In 2017, the Myanmar junta’s brutal persecution of the Rohingya Muslims left them stateless, seeking asylum in Bangladesh as they fled the violence. Canada is well-known globally for its pro-immigration policies, many of which prioritize refugees fleeing conflict and persecution. Canada has welcomed refugees from countries such as Mexico, Colombia, Iran, and Haiti. In 2022, the Canadian government received as many as 132,000 Ukrainian refugees fleeing the Russian invasion of Ukraine. However, five years since the Rohingya crisis began, Canada has not extended resettlement to the Rohingya people living in deplorable conditions in overcrowded refugee camps in Cox’s Bazar, Bangladesh.

As an international donor, Canada has provided urgent humanitarian support to the Rohingya refugees in Bangladesh. However, Canada’s response to the crisis significantly focuses on maintaining sanctions on Myanmar. As a humanitarian state, Canada takes pride in its refugee and resettlement policies, which are committed to protecting the world’s most vulnerable people. Those policies, however, focus mainly on receiving skilled and educated refugees. This leaves behind refugees like the Rohingya, who generally do not have the skills sought by Canadian employers.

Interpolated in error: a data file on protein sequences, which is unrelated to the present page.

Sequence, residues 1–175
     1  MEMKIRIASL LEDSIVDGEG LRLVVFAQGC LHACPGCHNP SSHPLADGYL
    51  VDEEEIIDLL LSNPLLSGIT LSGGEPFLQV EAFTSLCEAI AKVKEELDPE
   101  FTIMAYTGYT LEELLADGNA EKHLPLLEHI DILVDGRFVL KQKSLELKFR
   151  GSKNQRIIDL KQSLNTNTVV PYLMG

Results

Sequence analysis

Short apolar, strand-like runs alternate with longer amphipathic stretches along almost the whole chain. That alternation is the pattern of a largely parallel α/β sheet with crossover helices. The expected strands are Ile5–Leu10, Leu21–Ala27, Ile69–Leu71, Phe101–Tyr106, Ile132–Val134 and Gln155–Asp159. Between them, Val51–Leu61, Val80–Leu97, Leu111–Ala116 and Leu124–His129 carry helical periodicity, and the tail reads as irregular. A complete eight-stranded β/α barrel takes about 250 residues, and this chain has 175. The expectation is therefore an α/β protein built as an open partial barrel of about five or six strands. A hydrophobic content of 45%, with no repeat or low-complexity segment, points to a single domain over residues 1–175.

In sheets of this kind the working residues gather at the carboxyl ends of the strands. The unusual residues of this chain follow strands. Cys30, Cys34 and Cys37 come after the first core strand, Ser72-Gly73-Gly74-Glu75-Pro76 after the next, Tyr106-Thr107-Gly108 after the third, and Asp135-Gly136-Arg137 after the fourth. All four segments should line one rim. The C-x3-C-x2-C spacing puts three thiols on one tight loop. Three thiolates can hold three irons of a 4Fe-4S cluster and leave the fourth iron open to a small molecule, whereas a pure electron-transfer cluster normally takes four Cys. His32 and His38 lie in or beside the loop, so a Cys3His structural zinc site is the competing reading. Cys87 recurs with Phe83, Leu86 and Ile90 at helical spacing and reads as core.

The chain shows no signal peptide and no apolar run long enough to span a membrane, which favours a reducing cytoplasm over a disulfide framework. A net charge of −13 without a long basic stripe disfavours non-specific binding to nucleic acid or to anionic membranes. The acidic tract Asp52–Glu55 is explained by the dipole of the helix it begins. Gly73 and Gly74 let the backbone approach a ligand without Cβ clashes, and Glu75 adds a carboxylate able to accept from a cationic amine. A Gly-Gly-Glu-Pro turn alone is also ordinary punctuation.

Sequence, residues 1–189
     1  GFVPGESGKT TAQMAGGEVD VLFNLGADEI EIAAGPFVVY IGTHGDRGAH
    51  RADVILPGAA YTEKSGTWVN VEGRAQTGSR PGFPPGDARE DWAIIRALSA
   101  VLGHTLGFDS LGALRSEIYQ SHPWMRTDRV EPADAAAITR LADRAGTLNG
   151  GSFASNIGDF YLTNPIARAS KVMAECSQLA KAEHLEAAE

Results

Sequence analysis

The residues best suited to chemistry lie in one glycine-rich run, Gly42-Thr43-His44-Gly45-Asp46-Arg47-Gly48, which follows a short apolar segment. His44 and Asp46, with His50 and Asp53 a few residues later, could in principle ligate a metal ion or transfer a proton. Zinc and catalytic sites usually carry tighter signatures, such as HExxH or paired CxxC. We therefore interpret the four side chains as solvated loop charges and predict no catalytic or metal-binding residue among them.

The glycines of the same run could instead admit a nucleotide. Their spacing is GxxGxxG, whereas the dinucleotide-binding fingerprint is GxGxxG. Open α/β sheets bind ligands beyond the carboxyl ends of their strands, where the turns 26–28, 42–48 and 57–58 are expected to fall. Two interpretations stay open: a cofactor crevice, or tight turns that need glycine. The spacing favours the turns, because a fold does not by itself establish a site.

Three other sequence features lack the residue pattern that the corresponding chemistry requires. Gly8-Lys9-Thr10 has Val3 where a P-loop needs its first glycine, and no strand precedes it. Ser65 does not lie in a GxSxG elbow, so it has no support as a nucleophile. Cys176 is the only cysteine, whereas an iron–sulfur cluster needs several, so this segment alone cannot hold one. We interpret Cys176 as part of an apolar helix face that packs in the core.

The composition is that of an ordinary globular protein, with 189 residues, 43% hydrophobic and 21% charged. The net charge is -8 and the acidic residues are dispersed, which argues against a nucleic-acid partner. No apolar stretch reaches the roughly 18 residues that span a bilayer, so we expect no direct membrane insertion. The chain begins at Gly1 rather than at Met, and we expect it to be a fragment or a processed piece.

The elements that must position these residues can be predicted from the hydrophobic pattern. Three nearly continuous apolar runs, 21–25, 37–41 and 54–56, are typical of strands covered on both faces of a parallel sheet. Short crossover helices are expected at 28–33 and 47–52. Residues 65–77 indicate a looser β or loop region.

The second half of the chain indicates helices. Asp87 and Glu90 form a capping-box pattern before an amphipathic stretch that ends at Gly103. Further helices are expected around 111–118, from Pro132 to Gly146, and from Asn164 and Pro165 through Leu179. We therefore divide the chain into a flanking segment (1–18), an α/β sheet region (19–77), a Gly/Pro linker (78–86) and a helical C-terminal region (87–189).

One way to remedy this is for Canada to develop targeted skills-building programs that create a specific pathway for the Rohingya to integrate into the Canadian workforce.

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In Bangladesh, Canada already engages with relevant stakeholders, including civil society partners and NGOs, to support Rohingya refugees through education, skill-building, and livelihood training programs. The programs also specifically target women and girls from Rohingya as well as Bangladeshi communities, who experience substantial barriers in accessing education and skill-building opportunities. Canada is committed to ensuring safe and voluntary return of the refugees to Myanmar. But Canada is the desirable choice for many immigrants, offering better economic opportunities. Helping to equip the Rohingya with in-demand skills and language training could also strengthen the Canadian economy.

The Rohingya are the largest refugee population in the world and are an underutilized labour force. Canada should see this as an opportunity. Here is how it can help prepare the Rohingya for the Canadian and global employment market: